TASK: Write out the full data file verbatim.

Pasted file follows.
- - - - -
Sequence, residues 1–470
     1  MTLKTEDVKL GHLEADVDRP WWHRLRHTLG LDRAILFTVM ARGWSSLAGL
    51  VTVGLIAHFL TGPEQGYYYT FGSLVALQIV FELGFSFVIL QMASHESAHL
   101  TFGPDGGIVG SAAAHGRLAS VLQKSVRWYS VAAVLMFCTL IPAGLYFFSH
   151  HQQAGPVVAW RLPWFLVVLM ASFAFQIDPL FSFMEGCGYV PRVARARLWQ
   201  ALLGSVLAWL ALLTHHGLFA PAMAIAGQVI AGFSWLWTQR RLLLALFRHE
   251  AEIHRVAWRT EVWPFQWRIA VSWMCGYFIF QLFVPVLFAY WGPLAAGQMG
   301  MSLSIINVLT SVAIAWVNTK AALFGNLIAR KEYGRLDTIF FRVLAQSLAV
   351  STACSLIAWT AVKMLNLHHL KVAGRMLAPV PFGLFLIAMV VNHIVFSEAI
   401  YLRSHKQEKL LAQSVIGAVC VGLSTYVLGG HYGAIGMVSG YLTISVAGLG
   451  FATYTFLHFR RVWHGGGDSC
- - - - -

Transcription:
Sequence, residues 1–470
     1  MTLKTEDVKL GHLEADVDRP WWHRLRHTLG LDRAILFTVM ARGWSSLAGL
    51  VTVGLIAHFL TGPEQGYYYT FGSLVALQIV FELGFSFVIL QMASHESAHL
   101  TFGPDGGIVG SAAAHGRLAS VLQKSVRWYS VAAVLMFCTL IPAGLYFFSH
   151  HQQAGPVVAW RLPWFLVVLM ASFAFQIDPL FSFMEGCGYV PRVARARLWQ
   201  ALLGSVLAWL ALLTHHGLFA PAMAIAGQVI AGFSWLWTQR RLLLALFRHE
   251  AEIHRVAWRT EVWPFQWRIA VSWMCGYFIF QLFVPVLFAY WGPLAAGQMG
   301  MSLSIINVLT SVAIAWVNTK AALFGNLIAR KEYGRLDTIF FRVLAQSLAV
   351  STACSLIAWT AVKMLNLHHL KVAGRMLAPV PFGLFLIAMV VNHIVFSEAI
   401  YLRSHKQEKL LAQSVIGAVC VGLSTYVLGG HYGAIGMVSG YLTISVAGLG
   451  FATYTFLHFR RVWHGGGDSC